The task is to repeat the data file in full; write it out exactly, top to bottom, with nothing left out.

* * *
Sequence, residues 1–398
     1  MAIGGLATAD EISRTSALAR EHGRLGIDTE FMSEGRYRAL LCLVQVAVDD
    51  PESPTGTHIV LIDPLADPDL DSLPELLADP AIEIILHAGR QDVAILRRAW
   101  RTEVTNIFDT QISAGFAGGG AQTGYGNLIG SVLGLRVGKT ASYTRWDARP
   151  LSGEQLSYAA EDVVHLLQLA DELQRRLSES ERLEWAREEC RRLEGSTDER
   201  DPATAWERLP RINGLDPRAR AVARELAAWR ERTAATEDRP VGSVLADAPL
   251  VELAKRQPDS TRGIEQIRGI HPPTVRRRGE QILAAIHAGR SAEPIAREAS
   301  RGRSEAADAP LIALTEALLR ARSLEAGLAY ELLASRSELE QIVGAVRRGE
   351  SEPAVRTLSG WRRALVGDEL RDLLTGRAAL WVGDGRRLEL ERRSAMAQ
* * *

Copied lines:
Sequence, residues 1–398
     1  MAIGGLATAD EISRTSALAR EHGRLGIDTE FMSEGRYRAL LCLVQVAVDD
    51  PESPTGTHIV LIDPLADPDL DSLPELLADP AIEIILHAGR QDVAILRRAW
   101  RTEVTNIFDT QISAGFAGGG AQTGYGNLIG SVLGLRVGKT ASYTRWDARP
   151  LSGEQLSYAA EDVVHLLQLA DELQRRLSES ERLEWAREEC RRLEGSTDER
   201  DPATAWERLP RINGLDPRAR AVARELAAWR ERTAATEDRP VGSVLADAPL
   251  VELAKRQPDS TRGIEQIRGI HPPTVRRRGE QILAAIHAGR SAEPIAREAS
   301  RGRSEAADAP LIALTEALLR ARSLEAGLAY ELLASRSELE QIVGAVRRGE
   351  SEPAVRTLSG WRRALVGDEL RDLLTGRAAL WVGDGRRLEL ERRSAMAQ